A total of 1,050 bitcoin, worth over $11.8 million, mined back in 2010 were moved over the weekend after being dormant for over a decade. Part of the funds, well over $100,000, were donated to the Free Software Foundation (FSF).

The transactions were first spotted by cryptocurrency trader Kirill K., who pointed out the funds were on the move on LinkedIn. As they were mined in September 2010, the miner is an early bitcoin adopter who has been holding onto the BTC for over a decade. Back then, the cryptocurrency was worth well under $1 per coin, and could be mined on a laptop.

The miner moved the coinbase rewards of 21 blocks from 2010. At the time, each block contained a 50 BTC reward in it, meaning 1,050 BTC were moved in total. 1,000 BTC were moved to a single wallet, while 50 BTC were moved to another.

Source: Blockchain.com

Blockchain data shows that the bitcoin cash (BCH) coinbase rewards from those addresses were also moved. Addresses holding BTC received a BCH airdrop at a 1:1 ratio back in August 2017, at the time of the hard fork that created BCH.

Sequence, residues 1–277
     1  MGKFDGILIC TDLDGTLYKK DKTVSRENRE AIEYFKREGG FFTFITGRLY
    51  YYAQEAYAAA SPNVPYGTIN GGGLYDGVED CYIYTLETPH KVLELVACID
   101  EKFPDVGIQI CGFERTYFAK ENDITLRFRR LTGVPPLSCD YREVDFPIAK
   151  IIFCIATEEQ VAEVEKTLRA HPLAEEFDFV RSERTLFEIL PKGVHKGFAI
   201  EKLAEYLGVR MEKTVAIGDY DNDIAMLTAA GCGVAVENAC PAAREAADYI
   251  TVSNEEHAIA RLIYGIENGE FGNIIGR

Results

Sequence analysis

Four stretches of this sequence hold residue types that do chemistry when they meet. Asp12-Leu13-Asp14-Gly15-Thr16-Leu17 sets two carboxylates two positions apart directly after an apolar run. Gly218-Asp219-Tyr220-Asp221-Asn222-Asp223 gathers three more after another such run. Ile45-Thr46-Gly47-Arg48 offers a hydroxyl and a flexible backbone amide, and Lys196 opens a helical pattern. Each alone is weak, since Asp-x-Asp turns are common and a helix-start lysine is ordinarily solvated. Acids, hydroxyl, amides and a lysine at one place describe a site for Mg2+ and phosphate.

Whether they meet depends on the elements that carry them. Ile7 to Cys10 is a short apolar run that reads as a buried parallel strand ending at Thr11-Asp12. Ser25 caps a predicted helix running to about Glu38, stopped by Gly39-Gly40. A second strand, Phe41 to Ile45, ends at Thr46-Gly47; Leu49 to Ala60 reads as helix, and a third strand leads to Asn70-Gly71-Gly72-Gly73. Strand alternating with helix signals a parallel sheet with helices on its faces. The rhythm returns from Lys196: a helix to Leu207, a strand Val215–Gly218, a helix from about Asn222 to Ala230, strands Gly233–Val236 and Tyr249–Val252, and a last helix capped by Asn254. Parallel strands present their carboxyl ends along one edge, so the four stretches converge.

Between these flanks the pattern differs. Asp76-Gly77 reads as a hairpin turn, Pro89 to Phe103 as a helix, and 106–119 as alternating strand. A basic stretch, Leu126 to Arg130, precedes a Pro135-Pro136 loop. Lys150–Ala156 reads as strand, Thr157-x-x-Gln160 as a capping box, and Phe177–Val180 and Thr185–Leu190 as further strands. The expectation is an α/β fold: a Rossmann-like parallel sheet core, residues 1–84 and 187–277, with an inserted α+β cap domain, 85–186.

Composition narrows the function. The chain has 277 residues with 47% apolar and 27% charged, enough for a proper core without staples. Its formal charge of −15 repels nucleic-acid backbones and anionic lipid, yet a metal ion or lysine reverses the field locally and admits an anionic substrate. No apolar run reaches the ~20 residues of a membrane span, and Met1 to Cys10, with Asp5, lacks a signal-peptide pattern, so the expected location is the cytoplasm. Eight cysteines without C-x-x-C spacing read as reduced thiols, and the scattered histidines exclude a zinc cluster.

The miner ended up splitting its funds in various addresses with 10 BTC each. Bitcoin.com reports that the miner also made a 9.99 BTC donation to the Free Software Foundation, a non-profit organization promoting computer freedom.

The cryptocurrency’s pseudonymous creator, Satoshi Nakamoto, was at the time the funds were mined still active in the crypto space. Nakamoto vanished in late 2010 and hasn’t been verifiably been heard from since then.

Funds from the early days of Bitcoin moving are a rare occurrence, although this year early miners have made their presence known on several occasions. Ahead of the so-called Crypto Black Thursday, about $8 million worth of BTC from 2010 were also moved.

As CryptoGlobe reported, in May an early miner used 140 different wallets with unspent coinbase rewards to call self-proclaimed Satoshi Nakamoto Craig Wright a “liar and a fraud,” and signed a message saying “we are all Satoshi.”

Featured image via Pixabay.